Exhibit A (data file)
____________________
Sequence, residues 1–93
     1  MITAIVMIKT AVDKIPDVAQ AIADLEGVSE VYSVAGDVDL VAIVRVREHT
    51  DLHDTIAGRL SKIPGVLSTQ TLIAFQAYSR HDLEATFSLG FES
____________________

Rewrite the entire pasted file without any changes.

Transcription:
Sequence, residues 1–93
     1  MITAIVMIKT AVDKIPDVAQ AIADLEGVSE VYSVAGDVDL VAIVRVREHT
    51  DLHDTIAGRL SKIPGVLSTQ TLIAFQAYSR HDLEATFSLG FES